Hours later, Denis had forced the Safon goalkeeper into a fine save midway through the first half, and Clayton hit the post for the home side soon afterwards. They took the lead after 53 minutes when Bailey was in the right place to tap home Xander's low cross, only for Safon to subsequently equalise from the penalty spot. In the 78th minute, Scott inexplicably gave the ball away to their most dangerous striker, who fired past Gus from the edge of the area to settle the contest. Substitute Lloyd was later denied by a flying fingertip save, and no penalty was awarded despite Willem being brazenly shoved in the box in stoppage time. Neil was seething and had to be physically restrained after the final whistle. As the away fans sang themselves hoarse, it occurred to the home squad that what awaited them in the dressing room wasn’t going to be quite so melodic...

Meanwhile, Peshor gave themselves a glimmer of hope with a 2-1 triumph at home to Lioko, but their pool had only ever looked like a battle for top spot between south east and south coast, with the former now some distance ahead as the final furlongs came into view.

Etles effectively secured their IC berth after cruising past Seslan 3-0, whilst Boknes leapt into second position in Pool D by virtue of a hard-fought 1-0 win at Cruvok, whose chances of qualifying became exceptionally remote. Lacklustre Strivay were still unable to score in their goalless home draw with Tepovec, as Delotra again evinced their unwillingness to concede, scoring a penalty to overtake opponents Metis in Pool E.


Pool A Pool B Pool C

Ferlant---10 Arrienz---12 Safon-----10

Niemon--9 Ganopri--6 LAXONEN---7

Gellin-----3 Kotela----4 Lioko-----3

Maroc----1 Bemill----1 Peshor---3

Pool D Pool E

Etles-----12 Tepovec---8

Boknes--6 Delotra----6

Seslan---4 Metis------4

Cruvok---1 Strivay ----2


“For the record, he was totally obnoxious, rude and condescending throughout the match and at half-time, to me and my staff. Separate from that, I think he’ll be disappointed with his performance.”

So began Neil’s verbal evisceration of the match referee in his post-match interview on Channel 7, incensed and snarling.

“Everyone inside the ground could see it was a penalty – every day of the week. Their manager actually apologised to me at full-time, as he knows we’ve been cheated. If that goes in, it’s 2-2 and we’re level on points. I also can’t work out why he awarded them a penalty; their players weren’t even appealing for it! And how their number 8 didn’t get sent off for that X-rated horror challenge is beyond me.”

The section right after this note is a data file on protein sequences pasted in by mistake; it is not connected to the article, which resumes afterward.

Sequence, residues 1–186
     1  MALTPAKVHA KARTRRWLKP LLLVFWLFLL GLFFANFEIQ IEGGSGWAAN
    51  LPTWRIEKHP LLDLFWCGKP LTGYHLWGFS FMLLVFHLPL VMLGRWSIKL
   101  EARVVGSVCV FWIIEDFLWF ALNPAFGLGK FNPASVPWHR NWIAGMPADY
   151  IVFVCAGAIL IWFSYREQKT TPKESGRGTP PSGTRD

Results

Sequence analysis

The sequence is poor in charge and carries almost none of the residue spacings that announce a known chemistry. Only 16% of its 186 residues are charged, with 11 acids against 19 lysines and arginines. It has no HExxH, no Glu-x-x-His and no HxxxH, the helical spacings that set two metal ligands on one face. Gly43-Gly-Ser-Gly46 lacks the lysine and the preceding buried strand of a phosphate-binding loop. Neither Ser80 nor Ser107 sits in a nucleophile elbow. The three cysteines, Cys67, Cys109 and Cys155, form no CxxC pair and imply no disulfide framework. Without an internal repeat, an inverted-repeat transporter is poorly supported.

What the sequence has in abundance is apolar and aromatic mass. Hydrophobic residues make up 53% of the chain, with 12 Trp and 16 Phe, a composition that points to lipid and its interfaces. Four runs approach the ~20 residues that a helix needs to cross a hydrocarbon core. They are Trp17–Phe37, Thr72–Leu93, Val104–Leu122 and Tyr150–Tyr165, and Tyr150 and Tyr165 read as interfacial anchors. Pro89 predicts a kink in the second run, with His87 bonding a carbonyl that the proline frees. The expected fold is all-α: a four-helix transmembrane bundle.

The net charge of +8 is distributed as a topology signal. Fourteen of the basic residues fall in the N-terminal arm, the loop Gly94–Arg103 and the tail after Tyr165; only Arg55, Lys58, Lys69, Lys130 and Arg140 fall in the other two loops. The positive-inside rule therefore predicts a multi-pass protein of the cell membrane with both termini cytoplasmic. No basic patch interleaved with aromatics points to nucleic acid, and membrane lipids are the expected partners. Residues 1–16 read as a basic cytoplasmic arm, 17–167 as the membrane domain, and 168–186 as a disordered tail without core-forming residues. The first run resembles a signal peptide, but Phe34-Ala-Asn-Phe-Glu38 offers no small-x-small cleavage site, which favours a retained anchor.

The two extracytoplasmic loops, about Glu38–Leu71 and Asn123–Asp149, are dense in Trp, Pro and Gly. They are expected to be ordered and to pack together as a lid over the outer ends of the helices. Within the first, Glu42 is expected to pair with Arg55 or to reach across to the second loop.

The interviewer attempted to turn the conversation towards player performances, but there was no stopping Neil’s tirade.

“Yet again I’m hearing a referee get booed off at the Oceanic Stadium. Well, nobody should be noticing him if he’s doing his job! It becomes ‘the referee show’ doesn’t it, and that’s a shame because there’s two good sides out there. He should never officiate at this level again.”

The interview concluded with the following declaration:

“Let’s put this in perspective before you lot get carried away: if we win our last two games, we’ve surely qualified. But I feel for the boys as they didn’t deserve that.”

In the emergency team debriefing held the following morning, decibel levels were high and ire levels off the monitor. Players variously blamed the defeat on the referee, missed chances, the blustery conditions, key players being out injured and Neil’s direct style of sport. There was a nascent movement within the squad which held that the backroom team were not merely failing to heed the players’ technical quality, but were effectively hiding from it, and their entire modus operandi needed to be shifted by several degrees. Those who believed that, beyond a certain point, tactics were less cardinal – and in any case could be adapted mid-game and from one game to the next – placed a greater emphasis upon the coach’s likeability, character and man-management.

Niko’s banner had always been firmly planted on the topography of stylistic evolution, but on this occasion he held himself accountable for being “distracted by other events”.

“What other events would that be, then?” bellowed Jordan from the far side of the meeting room.

“It’s just personal stuff; you don’t need to know”, Niko responded, not without insistence.

“I can’t afford to have any of my players unfocused in these qualifiers”, avowed Neil. “It’s hard enough against a team like Safon, with all their technical---”

“What sort of top centre back gives the ball away in a dangerous position, then? Is that being focused?” yelled Clayton astringently, not looking at any teammates in particular, though irrefutably referencing Scott’s error.

Ryan immediately sprang to his fellow centre half’s defence: “Come off it, Clayts. What sort of top striker misses the target from four yards?”

Clayton then hurled a water bottle across the room, only narrowly missing Barry’s head. This instigated a melee involving several players, with crockery being smashed and chairs thrown. Once the dust had settled, Neil reflected that at least the whole episode showed how much the boys cared about qualification.

science fiction

About the Creator

R.O. Canebrake

Home of the Coastoria series!